Economic behaviors and policies influence each person’s well-being, regardless of demographic characteristics, experiences, identities, or beliefs. As a department and discipline, we are better able to investigate and understand economic issues when we can draw upon a wide range of perspectives and experiences. We hope that all students consider studying economics and know that they are welcome in our department and our classes.
One of the most important conclusions of economic theory is that groups benefit from exchange based on differences rather than individual strength. Our discipline is stronger when it engages and reflects people of all backgrounds.
Realizing these gains from intellectual trade demands a commitment to honest, free, and respectful exchange of ideas. Because economics demonstrates that all choices involve trade-offs, we will sometimes disagree with one another, even about consequential questions. What is more, economic models and empirical analyses often lead to unexpected and at times uncomfortable conclusions.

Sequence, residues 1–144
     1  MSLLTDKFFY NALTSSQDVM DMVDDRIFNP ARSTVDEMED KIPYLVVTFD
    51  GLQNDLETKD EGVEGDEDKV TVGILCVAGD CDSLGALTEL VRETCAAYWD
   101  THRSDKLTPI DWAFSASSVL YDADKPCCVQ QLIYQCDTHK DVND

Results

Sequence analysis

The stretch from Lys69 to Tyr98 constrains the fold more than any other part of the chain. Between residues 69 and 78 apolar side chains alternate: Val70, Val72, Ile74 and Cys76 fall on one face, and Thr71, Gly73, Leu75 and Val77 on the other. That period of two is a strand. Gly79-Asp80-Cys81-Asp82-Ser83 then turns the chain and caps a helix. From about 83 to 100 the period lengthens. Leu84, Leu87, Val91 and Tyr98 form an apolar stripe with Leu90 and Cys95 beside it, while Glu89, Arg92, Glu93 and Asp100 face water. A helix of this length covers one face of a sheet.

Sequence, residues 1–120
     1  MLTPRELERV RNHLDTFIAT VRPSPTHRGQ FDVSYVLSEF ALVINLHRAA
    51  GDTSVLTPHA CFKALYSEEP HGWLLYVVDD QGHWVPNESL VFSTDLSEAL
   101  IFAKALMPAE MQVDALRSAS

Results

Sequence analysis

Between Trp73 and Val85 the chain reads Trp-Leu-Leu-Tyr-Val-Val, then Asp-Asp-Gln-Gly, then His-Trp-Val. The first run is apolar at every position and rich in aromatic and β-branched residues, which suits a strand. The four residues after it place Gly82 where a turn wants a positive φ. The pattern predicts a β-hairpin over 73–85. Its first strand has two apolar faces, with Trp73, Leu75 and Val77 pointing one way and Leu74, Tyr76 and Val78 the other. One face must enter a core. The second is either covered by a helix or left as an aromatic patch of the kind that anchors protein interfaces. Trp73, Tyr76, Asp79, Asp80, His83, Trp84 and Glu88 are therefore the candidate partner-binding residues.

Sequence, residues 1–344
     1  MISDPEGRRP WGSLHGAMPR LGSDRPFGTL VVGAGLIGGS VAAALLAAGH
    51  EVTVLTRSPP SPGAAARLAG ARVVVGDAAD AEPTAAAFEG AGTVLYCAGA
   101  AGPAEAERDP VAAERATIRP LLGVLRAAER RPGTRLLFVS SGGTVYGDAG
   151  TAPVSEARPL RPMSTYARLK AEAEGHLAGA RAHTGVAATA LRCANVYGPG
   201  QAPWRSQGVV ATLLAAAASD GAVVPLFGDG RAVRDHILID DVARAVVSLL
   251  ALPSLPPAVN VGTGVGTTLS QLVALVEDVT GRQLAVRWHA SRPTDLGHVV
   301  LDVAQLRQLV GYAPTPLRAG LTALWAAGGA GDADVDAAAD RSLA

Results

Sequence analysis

Defending or challenging these conclusions require a strong commitment to academic freedom, where faculty and students alike can freely investigate and exchange ideas. We acknowledge that all models are imperfect representations of the world. We are always examining our models, methods, and assumptions, and we remain open to changing our minds in light of new evidence. In the spirit of a liberal arts education, our goal is to encourage students to do the same. We seek to understand the world around us as it occurs and as it could be and accept that exploring ideas is not the same as endorsing them.
Learning to “think like an economist”—to use models and test them with empirical evidence—takes time and is as much a process as an outcome. For those undertaking this journey, we value and encourage persistence, honesty and integrity (with oneself and others), creativity, and effective collaboration. Doing this intellectual work in community involves social and intellectual risks, and we strive continually to practice respectful discourse so that all voices are heard.